Hoover was a conservative Republican who believed in limited Government intervention and letting the natural process of supply and demand ensure in the market. He was convinced that Government handouts would weaken individual character and turn people away from work and refused to intervene. Hoover was a firm believer in rugged individualism, that people are responsible for their own success or failure and it is not the responsibility of the government. Instead, the administration decided to leave the relief work to volunteer organizations and charities, the issue was that these charities also saw their donations dwindle.
In 1931, Hoover formed the President’s Organisation of Unemployment Relief (POUR) which assisted state and private charities such as the Red Cross and Salvation Army in coordinating relief programs and forming employment councils that tied the unemployed to job opportunities. The organization did not see much success as Hoover refused to spend government money and by the end of 1932, the organization was dissolved, creating barely 100,000 jobs at a time when 15 million were unemployed. Congress also proposed the Federal Emergency Relief Bill which would have provided states $375 million to provide food, clothing, and shelter to the homeless but Hoover opposed the bill stating that it would harm the balance of power between states and the Federal government.
By the end of the year, however, Hoover realized that drastic action was necessary if he had to save his presidency and the nation. On December 8, he addressed Congress and proposed multiple programs to aid the economy which Historian David Kennedy has referred to as Hoover’s second program or as others called it Hoover’s New Deal.
The Reconstruction Finance Corporation (RFC) was established in early January of 1932 and provided loans to banks, firms, and other institutions in need. An executive order was signed that temporarily halted immigration and created a Public Works Administration to coordinate and expand infrastructure projects.
The Revenue Act of 1932, raised income taxes and corporate income taxes dramatically with the bracket ranging from 36% to 63%. The most important and consequential of these policies was the Glass-Steagall Act of 1932, that approved lending of credit by the regional Federal Reserve Bank to private banks. These policies reformed the way in which the Federal Government responds to an economic crisis, but besides the Public Works Administration, none of the policies improved the condition of American workers. His signing of the Smoot-Hawley Tariffs Act and opposition of the Emergency Bill had created an image that cast Hoover as uncaring about the anguish of his people and his new programs were viewed as too little or too late and his popularity had already nosedived.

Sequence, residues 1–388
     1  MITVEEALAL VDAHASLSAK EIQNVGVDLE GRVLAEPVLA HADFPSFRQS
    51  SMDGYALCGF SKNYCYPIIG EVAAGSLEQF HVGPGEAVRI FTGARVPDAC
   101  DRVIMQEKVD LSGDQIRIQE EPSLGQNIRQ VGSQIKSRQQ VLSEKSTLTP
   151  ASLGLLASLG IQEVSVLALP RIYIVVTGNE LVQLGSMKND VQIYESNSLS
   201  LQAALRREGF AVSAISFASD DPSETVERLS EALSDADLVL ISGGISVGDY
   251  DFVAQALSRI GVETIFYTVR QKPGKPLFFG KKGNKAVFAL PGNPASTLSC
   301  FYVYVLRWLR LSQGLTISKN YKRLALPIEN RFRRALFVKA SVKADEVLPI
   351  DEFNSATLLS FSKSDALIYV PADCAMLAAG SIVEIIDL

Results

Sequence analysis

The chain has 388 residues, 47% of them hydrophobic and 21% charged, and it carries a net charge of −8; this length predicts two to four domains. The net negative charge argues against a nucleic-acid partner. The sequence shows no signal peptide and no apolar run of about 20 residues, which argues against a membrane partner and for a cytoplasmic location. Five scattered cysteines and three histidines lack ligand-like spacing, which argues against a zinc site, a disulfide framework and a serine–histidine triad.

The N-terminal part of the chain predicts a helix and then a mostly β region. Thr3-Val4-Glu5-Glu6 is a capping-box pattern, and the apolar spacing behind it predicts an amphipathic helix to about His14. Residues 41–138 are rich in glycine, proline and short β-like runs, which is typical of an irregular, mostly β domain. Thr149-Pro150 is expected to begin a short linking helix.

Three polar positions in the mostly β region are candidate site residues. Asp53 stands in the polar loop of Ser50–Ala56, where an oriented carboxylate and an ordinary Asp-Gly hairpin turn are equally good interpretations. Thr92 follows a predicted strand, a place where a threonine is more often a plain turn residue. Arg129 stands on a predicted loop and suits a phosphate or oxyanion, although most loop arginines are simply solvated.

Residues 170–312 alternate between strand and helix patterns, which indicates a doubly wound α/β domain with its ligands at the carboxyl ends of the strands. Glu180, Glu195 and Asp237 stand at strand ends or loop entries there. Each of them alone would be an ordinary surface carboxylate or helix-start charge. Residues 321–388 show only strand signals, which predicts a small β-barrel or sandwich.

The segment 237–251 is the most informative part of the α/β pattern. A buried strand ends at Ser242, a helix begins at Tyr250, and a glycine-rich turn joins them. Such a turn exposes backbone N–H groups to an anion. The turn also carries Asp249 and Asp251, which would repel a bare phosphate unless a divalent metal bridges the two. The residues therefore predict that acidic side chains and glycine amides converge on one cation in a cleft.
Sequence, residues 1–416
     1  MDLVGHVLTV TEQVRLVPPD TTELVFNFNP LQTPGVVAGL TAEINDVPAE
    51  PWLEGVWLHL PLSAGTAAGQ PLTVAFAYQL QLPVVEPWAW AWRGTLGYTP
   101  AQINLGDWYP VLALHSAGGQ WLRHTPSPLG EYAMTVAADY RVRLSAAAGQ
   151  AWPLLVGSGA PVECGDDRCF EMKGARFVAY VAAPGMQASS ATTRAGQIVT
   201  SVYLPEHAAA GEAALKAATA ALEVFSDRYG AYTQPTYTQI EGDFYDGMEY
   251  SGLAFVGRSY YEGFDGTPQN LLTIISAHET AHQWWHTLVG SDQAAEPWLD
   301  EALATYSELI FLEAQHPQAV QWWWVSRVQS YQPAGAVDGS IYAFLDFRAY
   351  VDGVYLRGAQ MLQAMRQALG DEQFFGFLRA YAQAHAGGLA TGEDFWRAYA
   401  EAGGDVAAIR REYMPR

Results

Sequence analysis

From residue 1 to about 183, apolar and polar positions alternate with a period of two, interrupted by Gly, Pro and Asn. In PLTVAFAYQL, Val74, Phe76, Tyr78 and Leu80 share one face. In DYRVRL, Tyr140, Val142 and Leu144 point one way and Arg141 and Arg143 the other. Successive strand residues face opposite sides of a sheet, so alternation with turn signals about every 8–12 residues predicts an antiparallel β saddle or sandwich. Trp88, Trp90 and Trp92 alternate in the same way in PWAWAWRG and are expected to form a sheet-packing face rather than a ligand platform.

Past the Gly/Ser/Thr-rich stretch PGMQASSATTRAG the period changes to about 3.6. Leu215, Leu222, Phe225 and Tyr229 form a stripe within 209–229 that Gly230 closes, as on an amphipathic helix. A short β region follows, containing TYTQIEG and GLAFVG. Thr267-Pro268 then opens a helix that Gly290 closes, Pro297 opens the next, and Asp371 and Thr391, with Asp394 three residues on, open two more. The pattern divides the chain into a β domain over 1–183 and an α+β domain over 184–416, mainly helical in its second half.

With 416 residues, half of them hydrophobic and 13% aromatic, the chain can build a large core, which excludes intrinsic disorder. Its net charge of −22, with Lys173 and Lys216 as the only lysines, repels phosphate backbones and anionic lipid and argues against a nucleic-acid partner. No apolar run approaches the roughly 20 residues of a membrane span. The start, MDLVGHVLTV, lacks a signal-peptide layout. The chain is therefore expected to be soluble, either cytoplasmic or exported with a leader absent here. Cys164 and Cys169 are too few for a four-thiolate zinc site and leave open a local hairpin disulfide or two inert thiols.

The 1932 Presidential Elections.
As the 1932 election rolled in it was evident that Hoover was going to lose the election, running against Democrat Nominee Franklin D. Roosevelt, who spurred optimism in crowds through his uplifting oratory. Roosevelt compared Hoover’s Presidency to the Four Horsemen of Apocalypse: Destruction, Delay, Despair, and Doubt and charged that the Federal Government was directly responsible for ensuring the welfare of the American people.
During Hoover’s campaign trails, his train was pelted by eggs and rotten fruits, in one incident, the Secret Service had to remove spikes placed by a disgruntled citizen on the tracks of the President’s train. Unsurprisingly, Hoover lost the election in a landslide, losing in 42 out of the then 48 states. To his credit, however, Hoover had to face a crisis no American President had faced before. His initiation of large Public Works Programs and expansion of the role of Federal reserve, though deeply structurally flawed, was the most radical step that a President had ever undertaken in response to a recession.
However, the main problem was that the Government did little to help the unemployed and homeless directly. Hoover, despite being cast as uncaring was the only President besides John F. Kennedy who refused his salary as President, and annually contributed $25,000 to private charities. President Hoover was an ideologue rather than a pragmatist but his approach failed to work during the economic downturn.
According to Prof. Robert McElvaine,
"It is impossible to understand Herbert Hoover and his reaction to the Depression without seeing that he was that rarest of politicians, a man of principle”.
Historian David Kennedy wrote that Hoover’s 1932 Second Program,
“helped lay the groundwork for a broader restructuring of the government’s role in many sectors of American life, a restructuring known as the New Deal.”
Even Roosevelt’s advisors grudgingly acknowledge that most of the features of Roosevelt’s rescue package for the economy, popularly called the New Deal, owed its origins to Hoover’s policies. Yet Hoover is still regarded as one of the worst Presidents of the United States. History judged him harshly and his poor reputation is not what he deserved.
Lee Ohanian, Professor of Economics at UCLA said it best,
“Hoover was the wrong man for the job, at the exact wrong time.”